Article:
The biggest improvement in the Xbox One X other than its raw graphical horsepower
Teraflops are a measure of graphical processing capability. More is better here. The Xbox One launched in 2013 with a performance number around 1.3 TF, while the PS4 hovered around 1.8 TF. This difference was big enough to ensure that the Xbox One versions of games routinely ran at lower resolutions and PS4 versions of the same games, sometimes with worse framerates. 2016’s PS4 Pro provided a major bump over the launch consoles, with graphics hardware capable of 4.2 TF. So you probably see where this is going. The Xbox One X’s custom graphics chipset hits that 6 TF number that Microsoft has been bludgeoning everyone over the head with.
This is not the only way that the Xbox One X is an improvement over not only the Xbox One but, most importantly to Microsoft and its marketing, the PlayStation 4 Pro. The Xbox One’s CPU ran at 1.75GHz, the PS4 at 1.6 (which very occasionally yielded benefits to Xbox One titles over their counterparts), and the PS4 Pro is clocked at 2.1 GHz. Xbox One X runs at 2.3.
The biggest improvement in the Xbox One X other than its raw graphical horsepower, however, is its system memory. Both the Xbox One and the PS4 launched in 2013 with 8GB of onboard RAM, each with 5GB of that available to games (each system’s respective operating systems needed around 3GB to work with at all times). However, the PS4’s memory was nearly three times as fast as the kind found in the Xbox One, offering it additional advantages in graphics processing over Microsoft’s system. The PS4 Pro increased its memory speed from the original system’s 176GB/s to 218GB/s (more here is better), but only provided 512MB of additional memory to developers on the console.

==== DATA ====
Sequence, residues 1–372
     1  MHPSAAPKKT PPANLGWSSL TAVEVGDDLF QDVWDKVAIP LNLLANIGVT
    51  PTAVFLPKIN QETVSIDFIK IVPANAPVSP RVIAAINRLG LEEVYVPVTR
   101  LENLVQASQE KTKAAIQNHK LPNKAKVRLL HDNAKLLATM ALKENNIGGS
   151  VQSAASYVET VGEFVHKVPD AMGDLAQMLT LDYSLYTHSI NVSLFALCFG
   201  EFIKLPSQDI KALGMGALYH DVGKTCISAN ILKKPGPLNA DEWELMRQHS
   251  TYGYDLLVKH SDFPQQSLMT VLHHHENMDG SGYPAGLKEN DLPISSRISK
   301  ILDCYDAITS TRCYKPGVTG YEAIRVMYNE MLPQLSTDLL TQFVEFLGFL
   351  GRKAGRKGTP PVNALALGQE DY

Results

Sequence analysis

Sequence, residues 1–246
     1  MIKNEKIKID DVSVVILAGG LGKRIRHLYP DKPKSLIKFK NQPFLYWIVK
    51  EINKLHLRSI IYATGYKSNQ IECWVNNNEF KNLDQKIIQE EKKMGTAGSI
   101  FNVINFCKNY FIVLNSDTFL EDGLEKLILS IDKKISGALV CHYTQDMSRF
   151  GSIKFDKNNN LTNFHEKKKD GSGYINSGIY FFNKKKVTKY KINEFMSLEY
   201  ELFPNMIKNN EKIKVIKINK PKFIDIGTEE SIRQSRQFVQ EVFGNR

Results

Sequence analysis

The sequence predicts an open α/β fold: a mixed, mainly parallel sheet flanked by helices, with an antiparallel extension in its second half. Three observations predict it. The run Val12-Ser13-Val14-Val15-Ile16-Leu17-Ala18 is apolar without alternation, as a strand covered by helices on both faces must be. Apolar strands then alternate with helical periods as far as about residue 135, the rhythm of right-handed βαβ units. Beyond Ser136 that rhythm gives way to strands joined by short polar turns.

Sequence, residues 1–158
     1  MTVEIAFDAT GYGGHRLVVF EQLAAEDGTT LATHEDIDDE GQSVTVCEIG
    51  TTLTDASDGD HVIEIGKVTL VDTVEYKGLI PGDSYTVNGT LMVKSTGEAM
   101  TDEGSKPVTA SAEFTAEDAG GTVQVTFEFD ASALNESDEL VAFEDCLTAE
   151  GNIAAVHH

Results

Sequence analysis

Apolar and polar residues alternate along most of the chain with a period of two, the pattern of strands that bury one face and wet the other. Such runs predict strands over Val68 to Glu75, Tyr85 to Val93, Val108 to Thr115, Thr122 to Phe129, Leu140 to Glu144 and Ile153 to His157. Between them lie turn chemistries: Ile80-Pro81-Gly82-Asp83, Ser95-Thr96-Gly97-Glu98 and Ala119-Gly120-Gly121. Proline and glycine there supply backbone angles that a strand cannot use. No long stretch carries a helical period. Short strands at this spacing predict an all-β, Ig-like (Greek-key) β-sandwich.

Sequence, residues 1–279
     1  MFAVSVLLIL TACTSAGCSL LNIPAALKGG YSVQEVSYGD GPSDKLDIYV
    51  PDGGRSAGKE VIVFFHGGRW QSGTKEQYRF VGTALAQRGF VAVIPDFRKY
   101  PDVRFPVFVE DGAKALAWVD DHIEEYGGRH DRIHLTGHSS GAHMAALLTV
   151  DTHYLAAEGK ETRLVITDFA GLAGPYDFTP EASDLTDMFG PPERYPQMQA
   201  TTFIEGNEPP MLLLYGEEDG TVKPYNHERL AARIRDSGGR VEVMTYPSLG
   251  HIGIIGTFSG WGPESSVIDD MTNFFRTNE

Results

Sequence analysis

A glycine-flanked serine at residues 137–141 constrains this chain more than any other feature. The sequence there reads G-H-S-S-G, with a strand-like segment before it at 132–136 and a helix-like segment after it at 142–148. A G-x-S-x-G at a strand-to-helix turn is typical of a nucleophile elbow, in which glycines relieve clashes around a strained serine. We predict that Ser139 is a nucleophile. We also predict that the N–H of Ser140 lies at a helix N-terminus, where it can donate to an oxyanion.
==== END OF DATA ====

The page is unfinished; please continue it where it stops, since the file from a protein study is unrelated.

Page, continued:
Xbox One X has 12GB of 326GB/s RAM, with 9GB available to developers for games. This is extremely important.
What 6TF gets you
The PlayStation 4 Pro has consistently provided a better experience for PS4 games, often at much higher resolutions than the base model of the system. But developers have so far struggled to reach resolutions near 4K on the system, particularly with graphically intense titles from third-party developers. For PC games, video memory has a dramatic effect on performance at resolutions above 1080p, and the same seems to be true for consoles as well.